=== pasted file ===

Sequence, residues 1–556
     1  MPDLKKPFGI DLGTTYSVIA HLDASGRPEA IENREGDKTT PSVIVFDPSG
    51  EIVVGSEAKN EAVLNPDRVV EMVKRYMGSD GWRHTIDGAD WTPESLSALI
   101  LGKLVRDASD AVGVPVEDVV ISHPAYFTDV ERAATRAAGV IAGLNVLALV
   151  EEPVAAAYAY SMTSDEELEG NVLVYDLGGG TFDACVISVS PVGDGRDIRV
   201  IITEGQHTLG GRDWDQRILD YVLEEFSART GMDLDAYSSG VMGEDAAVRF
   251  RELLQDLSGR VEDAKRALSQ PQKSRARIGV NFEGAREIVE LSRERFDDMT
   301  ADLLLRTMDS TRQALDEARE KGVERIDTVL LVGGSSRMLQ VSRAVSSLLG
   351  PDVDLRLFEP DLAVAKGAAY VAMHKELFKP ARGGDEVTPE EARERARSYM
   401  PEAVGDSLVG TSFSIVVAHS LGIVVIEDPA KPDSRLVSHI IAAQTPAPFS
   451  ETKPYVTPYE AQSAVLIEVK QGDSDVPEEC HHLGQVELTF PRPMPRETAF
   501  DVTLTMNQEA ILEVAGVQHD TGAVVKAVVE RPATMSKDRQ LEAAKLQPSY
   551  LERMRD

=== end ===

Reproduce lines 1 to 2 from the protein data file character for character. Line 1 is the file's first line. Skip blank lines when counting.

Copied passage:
Sequence, residues 1–556
     1  MPDLKKPFGI DLGTTYSVIA HLDASGRPEA IENREGDKTT PSVIVFDPSG